Even if you were never charged with a DUI before, you can still be faced with serious penalties if you are ultimately found guilty or convicted. In some cases, even a first-time DUI conviction can result in a license suspension, fine, or even jail time.
If you are facing DUI charges for the first time, you need a lawyer who can provide you with skilled representation throughout your case. The Wheaton and DuPage County, Illinois DUI defense lawyers at Martin & Kent, LLC can help you defend your case and work toward minimizing the penalties and other consequences associated with a conviction.
When Can Police Arrest You for a DUI in Illinois?
DUI charges can be brought against you in Illinois under a variety of circumstances. First, in order to be arrested or charged with a DUI, you must be in actual physical control of a motor vehicle. During the time that you are in control of that vehicle, one of the following must be true:
- You must have a blood alcohol concentration (BAC) of 0.08 percent or higher
- You must have been (or appeared to be) under the influence of alcohol at the time
- You must have been under the influence of an intoxicating drug—or a combination of alcohol and drugs—at the time
- There must have been some amount of controlled substance in your urine or bloodstream which showed up in a chemical test
- You must have a tetrahydrocannabinol (THC) concentration which amounts to five nanograms or greater in your bloodstream—or alternatively, there must be ten nanograms or more present in some other bodily fluid within two hours after you drove a motor vehicle
Potential Administrative Penalties for Offenders
If you are found operating a motor vehicle while under the influence of drugs or alcohol, you will incur certain administrative penalties in addition to the criminal penalties that may come later. In Illinois, all drivers give their implied consent that they will take a chemical test or other test if a police officer has probable cause to believe that they are operating a vehicle while influenced by drugs or alcohol.
Moreover, the Illinois Secretary of State (SOS) will automatically suspend your driver’s license via the statutory summary suspension process if you refuse or fail to complete a chemical test at a police officer’s request. A driver fails the test if the results show that he or she had a blood alcohol concentration (BAC) of 0.08 percent or higher. The same holds true if the test demonstrates that there were five or more nanograms of THC per milliliter of blood (or if there were ten or more nanograms per milliliter of some other bodily fluid).
If you have never had a prior DUI conviction or a statutory summary suspension within the preceding five years, you can receive a six-month suspension for a failing a chemical test—or a one-year suspension for refusing to complete the chemical test.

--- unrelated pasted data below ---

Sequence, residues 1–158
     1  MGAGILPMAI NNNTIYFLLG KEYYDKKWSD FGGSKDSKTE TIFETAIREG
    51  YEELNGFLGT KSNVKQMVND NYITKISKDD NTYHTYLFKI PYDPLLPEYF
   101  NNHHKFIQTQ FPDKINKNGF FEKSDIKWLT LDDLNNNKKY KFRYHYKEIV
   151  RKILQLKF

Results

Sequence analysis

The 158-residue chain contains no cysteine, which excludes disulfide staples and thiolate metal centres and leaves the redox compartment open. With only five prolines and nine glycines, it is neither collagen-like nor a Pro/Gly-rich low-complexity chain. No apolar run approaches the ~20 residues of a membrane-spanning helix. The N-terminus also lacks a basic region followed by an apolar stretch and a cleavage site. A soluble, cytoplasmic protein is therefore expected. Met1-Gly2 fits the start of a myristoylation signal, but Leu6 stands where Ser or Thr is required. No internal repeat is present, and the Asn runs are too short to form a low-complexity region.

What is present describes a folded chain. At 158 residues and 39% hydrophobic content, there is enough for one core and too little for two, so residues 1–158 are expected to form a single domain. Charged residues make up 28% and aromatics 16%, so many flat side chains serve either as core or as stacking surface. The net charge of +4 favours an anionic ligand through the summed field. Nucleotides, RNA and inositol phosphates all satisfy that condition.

Limited Driving during a License Suspension
Even if you have a suspended license for a period of time, you may still be able to drive your vehicle under certain circumstances. You may be able to drive for any purpose if you have a breath alcohol ignition interlock device, otherwise known as BAIID, installed on your vehicle. However, if you refused to take a chemical test, you are not eligible for this accommodation.
Ignition interlock devices can be expensive, and the driver typically has to pay for the device, as well as for all installation costs. If an ignition interlock device is installed on your vehicle, you will have to blow into it in order to start your vehicle. If the device detects the presence of alcohol on your breath, the device will not allow your vehicle to start.
First-time DUI Penalties
The potential penalties for even a first-time DUI can be harsh. In the State of Illinois, a conviction for a first-time DUI is a Class A misdemeanor. After a conviction of a first-time DUI, you can face a maximum prison sentence of 364 days. You may face a period of six months incarceration if you were transporting a passenger who was younger than 16 years old in your vehicle at the time the police stopped you.
You will also face a maximum fine of $2,500. If your BAC was 0.16 percent or higher, you are subject to a minimum fine of $500. You will be assessed a minimum fine of $1,000 if you were carrying a passenger who was under the age of 16 at the time of the traffic stop.
In addition to these fines, you may be required to complete a specified number of community service hours. For example, a first-time DUI offender with a BAC of 0.16 percent or higher will have to complete at least 100 community service hours.
First-time DUI offenders will also face a one-year license suspension—in addition to the statutory summary suspension period. However, any administrative driver’s license suspension counts as a credit toward this one-year license suspension period. In some instances, drivers may be able to obtain a restricted driving permit—also known as an RDP—in order to drive to school, work, doctor appointments, and alcohol or drug treatment program sessions. In order to obtain this permit, the driver must be able to demonstrate that he or she has a hardship and is not a risk to public safety.
Finally, all DUI offenders are required to undergo an alcohol and drug evaluation, in order to see if they have a substance-abuse problem. If so, the offender must obtain the necessary treatment.
Call a Wheaton and DuPage County, Illinois DUI Defense Lawyer Today
The experienced criminal defense lawyers at Martin & Kent, LLC can help you assert a defense to a first-time DUI charge and/or help you minimize the conviction penalties.
To schedule a free consultation and case evaluation with an experienced Wheaton and DuPage County, Illinois DUI defense lawyer, please call our free 24-hour hotline at (630) 474-8000 today.